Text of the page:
Dr. Michael Kramer talks about lactivism and what he says might surprise you


Prof. Michael Kramer, widely known within the breastfeeding world for the PROBIT study (Promotion of Breastfeeding Intervention) from Belarus recently gave a fascinating interview to Montreal’s Radio Noon.

He was invited specifically to comment on Courtney Jung’s book Lactivism, which argues that the benefits of breastfeeding are oversold.

[pullquote align=”right” cite=”” link=”” color=”” class=”” size=””]Women who breastfeed DO NOT love their babies more than those who don’t.[/pullquote]

It would be fair to say that Dr. Kramer is a lactivist. The PROBIT study showed definitively that breastfeeding leads to fewer colds and episodes of diarrheal illness across a population of babies under one year of age. It failed to demonstrate any of the other myriad benefits often claimed by lactivists. Dr. Kramer believes that he also demonstrated that breastfeeding increases cognitive development, although that finding was contradicted by a more recent US study by Colen et al. that showed that any increase in IQ from breastfeeding disappears when the data is corrected for confounding variables like maternal education and socio-economic class.

The interview is remarkably nuanced. There’s no transcript, but I’ve linked to the audio file. It’s a short interview and I encourage everyone to listen to it.

Here’s what I took away from Dr. Kramer’s remarks:

Kramer bluntly acknowledges that “the pendulum has swung too far” in claiming benefits for breastfeeding that simply don’t exist. He agrees with Jung that aggressive promotion of breastfeeding is making women feel guilty unnecessarily.

In Dr. Kramer’s view, the benefit of breastfeeding in preventing infections is real, but not of great importance in industrialized countries. He feels strongly that breastfeeding promotes cognitive development though he acknowledges that a large US review of the literature does not confirm that claim. He also believes that breastfeeding reduced the risk of SIDS.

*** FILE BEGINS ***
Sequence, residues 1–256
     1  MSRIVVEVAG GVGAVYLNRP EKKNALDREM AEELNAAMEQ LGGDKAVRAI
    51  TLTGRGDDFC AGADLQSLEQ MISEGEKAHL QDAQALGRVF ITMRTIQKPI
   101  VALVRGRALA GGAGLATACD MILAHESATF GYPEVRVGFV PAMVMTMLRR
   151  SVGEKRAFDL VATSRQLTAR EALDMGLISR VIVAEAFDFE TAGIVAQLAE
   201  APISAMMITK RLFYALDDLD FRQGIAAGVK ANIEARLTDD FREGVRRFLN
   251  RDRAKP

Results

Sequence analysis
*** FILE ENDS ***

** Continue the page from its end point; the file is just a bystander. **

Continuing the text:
Dr. Kramer is emphatic that breastfeeding does NOT prevent obesity, does NOT prevent allergies, and does NOT prevent asthma. When asked why lactivist organizations continueto insist on benefits that have been shown not to exist, he explains that these organizations rely upon preliminary data and simply refuse to accept anything that contradicts it. He is quite blunt that about the fact that lactivist organizations won’t accept scientific evidence that doesn’t comport with what they believe and he worries that their insistence of exaggerating benefits will undermine women’s trust in healthcare providers.

Kramer is refreshingly honest in acknowledging that public health officials underestimate the difficulties of breastfeeding. When asked whether the public health community can present the actual scientific evidence instead of the selected evidence that it prefers to present, he ruefully explains that “no one likes shades of gray,” preferring black and white pronouncements instead.

Dr. Kramer is still a very enthusiastic lactivist, going to far as to claim that Canadian babies are much healthier in 2016 than they were 30 years before and that the improvement is the result of increased breastfeeding rates. I’m not aware of any data that shows that Canadian babies are much healthier than they were 30 years ago (let alone data that shows that breastfeeding is the cause) and Dr. Kramer doesn’t allude to any such data.

All and all, Dr. Kramer’s remarks were an eloquent plea for moderation: by exaggerating the benefits of breastfeeding and minimizing the difficulties, lactivists risk making mothers feel unnecessarily guilty and harming the relationship between women and their healthcare providers. He finds much to agree with in Courtney Jung’s book, though he fears that her highlighting of the actual facts about breastfeeding will decrease women’s efforts to breastfeed.

I agree with Dr. Kramer that the exaggeration of benefits of breastfeeding have got to stop. I would go further and state that it is long past time to end the clumsy efforts to humiliate women who can’t or don’t breastfeed. The T-shirt in the image above is a particularly ugly example. Breastmilk is NOT love turned into food. Women who breastfeed DO NOT love their babies more than those who don’t! Breastmilk is food turned into manipulation. Lactivists and their organizations, especially the Baby Friendly Hospital Initiative, have made the harassment, inconveniencing and embarrassment of women a cornerstone of their efforts to promote breastfeeding. Their claims are empirically false, their efforts are repugnant and their plan is beginning to backfire.

Dr. Kramer recognizes this. I wonder how long it will take for the rest of the lactivist community to recognize it, too.